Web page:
Welcome to another repertoire spotlight!  Previously on the MTGO Blog, we’ve shared 10 Inspirational Songs for Kids & Teens and 5 Ways to Use “The Lion Sleeps Tonight” in Music Therapy.  In this post, I’d like to share a little bit about one of my all-time-favorite but little-known children’s artists, Caspar Babypants!

This Seattle-based musician (formally known as Chris Ballew) used to be lead singer of an alternative rock group called Presidents of the United States of America.  After being nominated for two Grammys, Ballew turned to children’s music under the awesome stage name Caspar Babypants!

Sensorimotor Ideas:

One of Caspar’s most popular songs is “Run, Baby, Run.”  This song can be used to practice one-step directions and/or sustained attention by requiring clients to act out the movements in the lyrics (run, jump, swing, etc.).  If the client needs sensory regulation, the music therapist could choose movements that provide alerting, organizing, or calming sensory stimuli (you can find some great, play-based sensory integration activities for home, school, or therapy settings here).  The simple language in the song lends itself well to clients with limited receptive language skills, especially when you replace the word “baby” with the client’s name.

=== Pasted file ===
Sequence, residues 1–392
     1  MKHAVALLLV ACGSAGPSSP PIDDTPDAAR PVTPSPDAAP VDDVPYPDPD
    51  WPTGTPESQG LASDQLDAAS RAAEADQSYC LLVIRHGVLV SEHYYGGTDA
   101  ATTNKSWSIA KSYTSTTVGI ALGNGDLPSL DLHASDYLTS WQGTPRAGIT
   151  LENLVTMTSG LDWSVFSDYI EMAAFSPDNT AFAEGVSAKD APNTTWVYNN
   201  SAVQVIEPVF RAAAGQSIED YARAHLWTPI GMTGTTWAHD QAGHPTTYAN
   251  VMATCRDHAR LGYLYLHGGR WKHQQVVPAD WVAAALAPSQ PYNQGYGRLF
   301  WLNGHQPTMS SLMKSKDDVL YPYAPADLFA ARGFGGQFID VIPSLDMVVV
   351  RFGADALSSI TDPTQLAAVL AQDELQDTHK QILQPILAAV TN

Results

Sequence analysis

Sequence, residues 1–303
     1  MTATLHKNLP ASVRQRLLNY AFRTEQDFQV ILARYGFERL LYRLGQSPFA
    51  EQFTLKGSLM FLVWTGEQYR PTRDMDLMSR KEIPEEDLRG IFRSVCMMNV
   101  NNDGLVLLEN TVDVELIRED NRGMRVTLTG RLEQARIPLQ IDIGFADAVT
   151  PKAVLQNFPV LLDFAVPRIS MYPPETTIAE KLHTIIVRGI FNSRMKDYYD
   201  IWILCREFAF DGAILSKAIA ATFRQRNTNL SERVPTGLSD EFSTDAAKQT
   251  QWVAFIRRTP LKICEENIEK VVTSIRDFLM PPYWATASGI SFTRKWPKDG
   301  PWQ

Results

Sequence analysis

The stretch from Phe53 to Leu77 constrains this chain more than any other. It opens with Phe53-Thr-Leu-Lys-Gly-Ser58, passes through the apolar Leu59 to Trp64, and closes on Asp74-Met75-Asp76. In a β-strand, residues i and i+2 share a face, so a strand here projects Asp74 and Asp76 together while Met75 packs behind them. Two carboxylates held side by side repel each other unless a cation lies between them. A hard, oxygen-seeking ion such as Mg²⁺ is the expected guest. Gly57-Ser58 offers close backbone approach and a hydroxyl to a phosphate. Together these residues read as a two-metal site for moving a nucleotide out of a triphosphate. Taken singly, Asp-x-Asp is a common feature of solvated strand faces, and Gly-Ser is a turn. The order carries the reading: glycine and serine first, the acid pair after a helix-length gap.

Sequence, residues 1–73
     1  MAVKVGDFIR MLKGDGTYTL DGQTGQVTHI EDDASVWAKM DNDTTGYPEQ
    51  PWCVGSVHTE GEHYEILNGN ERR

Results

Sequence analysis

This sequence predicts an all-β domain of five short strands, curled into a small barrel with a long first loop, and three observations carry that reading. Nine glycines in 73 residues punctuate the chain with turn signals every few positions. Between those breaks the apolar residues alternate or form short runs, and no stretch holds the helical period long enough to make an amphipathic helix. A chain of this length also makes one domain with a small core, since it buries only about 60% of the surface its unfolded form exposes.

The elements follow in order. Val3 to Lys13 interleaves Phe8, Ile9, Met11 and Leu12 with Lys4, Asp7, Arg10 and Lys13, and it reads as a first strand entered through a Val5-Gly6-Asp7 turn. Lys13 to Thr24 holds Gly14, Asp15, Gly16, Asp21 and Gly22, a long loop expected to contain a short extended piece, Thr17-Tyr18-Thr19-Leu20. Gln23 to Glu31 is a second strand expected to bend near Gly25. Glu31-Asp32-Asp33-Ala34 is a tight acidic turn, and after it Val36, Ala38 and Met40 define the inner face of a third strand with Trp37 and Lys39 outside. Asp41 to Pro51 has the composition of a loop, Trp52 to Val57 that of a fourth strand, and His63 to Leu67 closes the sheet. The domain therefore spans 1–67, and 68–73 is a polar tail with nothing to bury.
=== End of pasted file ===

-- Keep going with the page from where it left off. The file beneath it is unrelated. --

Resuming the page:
Speech and Language Ideas:

In his lyrics, Caspar often uses alliterations such as“More Moles,” “Drowsy Dopey Dozy Dog,” and “Jellyfish Jones.”  These songs provide opportunities for clients to fill in blanks of CVC words (such as dog) and/or blend words (such as drowsy).  Practicing tongue twisters like “drowsy dopey dozy dog” can be especially useful for children who reliably produce target sounds at the single word level but struggle with longer phrases.

Everything Has a Song” also provides many opportunities to practice speech sounds listed in the client’s goals.  For example, clients working on producing /b/ can sing about cars that go “beep” or bees that go “buzz.”

I hope this post inspires you to add Caspar Babypants to your repertoire!

Please share your favorite obscure or underrated children’s artists in the comments section below!